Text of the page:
University of Calgary

Federal budget commits to research funding

UToday HomeMarch 22, 2013

Jim Flaherty, Canada’s minister of finance, delivered his government’s 2013 budget on Thursday. Photo courtesy Department of Finance CanadaJim Flaherty, Canada’s minister of finance, delivered his government’s 2013 budget on Thursday. Photo courtesy Department of Finance CanadaThursday in Ottawa, Finance Minister Jim Flaherty tabled a federal budget investing in university research, skills, and talent to help make Canada more innovative and competitive globally.

Post-secondary groups were quick to respond. The U15 Group of Canadian Research Universities stated that the 2013 budget demonstrates the federal government’s continued commitment to funding research and development and the critical role that Canada’s universities play in generating world-class ideas and innovation.

“The federal government continues to recognize the importance of research investments,” University of Calgary President Elizabeth Cannon said. “These investments provide Canadian research universities with a significant advantage. They grow talent, create jobs, and make the Canadian economy more competitive internationally.”

The budget provided $37 million in new funding to the three granting councils. This reinvests the savings from the granting councils’ efficiencies identified in last year’s budget.

The Association of Universities and Colleges of Canada (AUCC) also weighed in, stating that these investments provide a competitive advantage for Canada by helping students graduating from Canada’s universities be more competitive in the global knowledge economy.

Yesterday’s budget saw enhanced funding for Mitacs’ Globalink Program, which brings top undergraduate students from around the world to Canadian universities to undertake research projects, and also enables Canadian students to go abroad for research experiences.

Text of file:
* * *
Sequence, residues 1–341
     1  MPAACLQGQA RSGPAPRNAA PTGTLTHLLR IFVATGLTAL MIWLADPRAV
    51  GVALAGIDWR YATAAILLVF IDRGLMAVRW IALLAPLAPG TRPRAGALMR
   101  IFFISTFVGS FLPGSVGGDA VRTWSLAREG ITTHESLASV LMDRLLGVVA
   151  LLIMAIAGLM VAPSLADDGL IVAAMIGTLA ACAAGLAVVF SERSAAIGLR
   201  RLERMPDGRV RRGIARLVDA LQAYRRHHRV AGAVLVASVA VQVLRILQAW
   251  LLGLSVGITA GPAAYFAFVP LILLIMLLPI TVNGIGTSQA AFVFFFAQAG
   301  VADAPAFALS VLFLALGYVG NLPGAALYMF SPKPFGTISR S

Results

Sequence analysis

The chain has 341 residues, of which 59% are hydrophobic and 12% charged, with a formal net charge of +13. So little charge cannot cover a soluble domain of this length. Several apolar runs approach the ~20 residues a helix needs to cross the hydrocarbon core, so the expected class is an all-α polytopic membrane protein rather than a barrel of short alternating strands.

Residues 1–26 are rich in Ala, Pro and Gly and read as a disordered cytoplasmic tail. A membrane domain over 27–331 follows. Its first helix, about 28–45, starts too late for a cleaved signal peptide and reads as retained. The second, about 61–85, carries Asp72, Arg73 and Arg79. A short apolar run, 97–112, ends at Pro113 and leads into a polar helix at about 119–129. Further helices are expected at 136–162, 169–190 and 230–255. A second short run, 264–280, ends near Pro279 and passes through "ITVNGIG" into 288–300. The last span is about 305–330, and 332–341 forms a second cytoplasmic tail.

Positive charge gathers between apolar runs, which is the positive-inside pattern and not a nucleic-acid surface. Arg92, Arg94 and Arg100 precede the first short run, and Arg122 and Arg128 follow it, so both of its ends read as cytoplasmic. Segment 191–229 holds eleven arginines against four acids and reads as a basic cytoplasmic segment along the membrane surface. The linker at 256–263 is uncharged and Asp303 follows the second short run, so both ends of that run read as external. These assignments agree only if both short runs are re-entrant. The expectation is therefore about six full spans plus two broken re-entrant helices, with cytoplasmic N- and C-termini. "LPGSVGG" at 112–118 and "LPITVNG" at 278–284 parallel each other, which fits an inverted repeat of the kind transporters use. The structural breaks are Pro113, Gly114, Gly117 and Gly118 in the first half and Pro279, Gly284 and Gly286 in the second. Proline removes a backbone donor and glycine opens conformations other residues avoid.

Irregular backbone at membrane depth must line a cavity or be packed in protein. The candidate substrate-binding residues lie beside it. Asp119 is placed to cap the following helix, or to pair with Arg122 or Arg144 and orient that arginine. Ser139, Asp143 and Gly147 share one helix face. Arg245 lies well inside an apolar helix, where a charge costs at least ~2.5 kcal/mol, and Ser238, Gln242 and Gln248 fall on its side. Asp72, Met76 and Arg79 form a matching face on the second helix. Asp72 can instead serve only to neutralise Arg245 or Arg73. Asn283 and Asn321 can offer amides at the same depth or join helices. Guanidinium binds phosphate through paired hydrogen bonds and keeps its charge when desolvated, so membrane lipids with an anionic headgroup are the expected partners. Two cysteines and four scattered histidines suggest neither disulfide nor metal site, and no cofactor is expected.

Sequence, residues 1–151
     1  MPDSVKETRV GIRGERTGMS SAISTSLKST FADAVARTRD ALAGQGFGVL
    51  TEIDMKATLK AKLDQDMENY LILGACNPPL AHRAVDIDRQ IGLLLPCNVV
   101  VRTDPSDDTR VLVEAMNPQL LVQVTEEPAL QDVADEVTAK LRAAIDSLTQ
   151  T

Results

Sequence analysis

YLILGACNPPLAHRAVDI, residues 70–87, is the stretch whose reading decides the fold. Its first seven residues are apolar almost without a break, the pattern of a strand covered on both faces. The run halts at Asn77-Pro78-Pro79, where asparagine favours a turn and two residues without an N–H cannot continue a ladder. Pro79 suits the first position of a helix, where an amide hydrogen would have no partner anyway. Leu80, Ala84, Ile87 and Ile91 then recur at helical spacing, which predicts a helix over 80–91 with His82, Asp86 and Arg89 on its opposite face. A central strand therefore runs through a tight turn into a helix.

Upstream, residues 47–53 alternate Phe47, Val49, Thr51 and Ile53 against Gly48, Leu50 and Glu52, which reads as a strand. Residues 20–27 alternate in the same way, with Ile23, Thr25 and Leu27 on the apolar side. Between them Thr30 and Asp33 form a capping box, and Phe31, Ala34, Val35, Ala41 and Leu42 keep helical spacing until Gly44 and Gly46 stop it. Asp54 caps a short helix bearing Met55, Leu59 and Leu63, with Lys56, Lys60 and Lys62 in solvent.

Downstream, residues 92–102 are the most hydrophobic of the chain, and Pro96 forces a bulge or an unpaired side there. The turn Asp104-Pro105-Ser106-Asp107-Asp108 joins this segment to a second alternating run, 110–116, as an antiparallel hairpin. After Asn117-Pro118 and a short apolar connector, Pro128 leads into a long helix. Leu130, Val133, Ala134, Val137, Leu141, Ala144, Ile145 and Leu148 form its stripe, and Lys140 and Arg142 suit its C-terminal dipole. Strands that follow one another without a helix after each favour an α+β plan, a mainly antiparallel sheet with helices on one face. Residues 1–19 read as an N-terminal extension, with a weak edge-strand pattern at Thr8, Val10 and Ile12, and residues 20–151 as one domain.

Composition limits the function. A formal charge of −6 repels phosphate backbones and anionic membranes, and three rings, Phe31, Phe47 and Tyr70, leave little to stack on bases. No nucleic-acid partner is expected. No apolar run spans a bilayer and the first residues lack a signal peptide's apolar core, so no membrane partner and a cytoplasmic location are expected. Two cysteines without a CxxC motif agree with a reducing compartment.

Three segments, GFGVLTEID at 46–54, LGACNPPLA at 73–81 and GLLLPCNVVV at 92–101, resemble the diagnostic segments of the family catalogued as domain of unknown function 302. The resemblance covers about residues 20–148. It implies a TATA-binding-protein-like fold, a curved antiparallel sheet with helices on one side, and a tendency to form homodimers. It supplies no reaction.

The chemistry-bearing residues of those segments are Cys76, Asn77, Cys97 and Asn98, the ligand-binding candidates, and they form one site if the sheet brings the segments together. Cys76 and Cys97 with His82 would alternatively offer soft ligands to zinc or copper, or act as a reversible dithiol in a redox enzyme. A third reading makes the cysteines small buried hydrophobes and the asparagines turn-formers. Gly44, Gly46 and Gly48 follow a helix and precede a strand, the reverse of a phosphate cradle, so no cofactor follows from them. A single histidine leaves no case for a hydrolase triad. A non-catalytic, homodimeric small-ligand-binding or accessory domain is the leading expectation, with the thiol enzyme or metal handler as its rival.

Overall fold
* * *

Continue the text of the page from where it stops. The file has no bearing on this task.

“These opportunities allow Canada’s universities to enhance their profile and attract the brightest international students to our campuses,” says Cannon. “This aligns closely with our university’s international strategy, a key priority in achieving our Eyes High goals.”

A new scholarship program designed to improve access and achievement for Aboriginal post-secondary students was also a welcome announcement. The budget provides funding to be matched by the private sector for new scholarships for Aboriginal students through an initiative called Indspire, in collaboration with Canadian universities.

Highlights of the budget related to post-secondary funding include:

  • $37 million in new research funding for the granting councils: the Natural Sciences and Engineering Research Council, the Canadian Institutes of Health Research, and the Social Sciences and Humanities Research Council.
  • $225 million for the Canada Foundation for Innovation’s next Leading Edge/New Initiatives competition.
  • $121 million in new funding for the National Research Council, along with $20 million to support IRAP, the Industrial Research Assistance Program.
  • $165 million in new funding over two years for genomics research through Genome Canada.
  • $70 million over three years for post-secondary internships.
  • $10 million over two years for Canada’s International Education Marketing Strategy aimed at making Canadian universities an international destination of choice.
  • $10 million over two years to Indspire, providing post-secondary scholarships and bursaries for First Nations and Inuit students.
  • $13 million over two years to support Mitacs’ Globalink Program.

“Given the challenging fiscal climate, we are pleased by the support shown for research universities and we look forward to working with the federal government in building Canada’s research and development capacity, and international competitiveness,” said Cannon.

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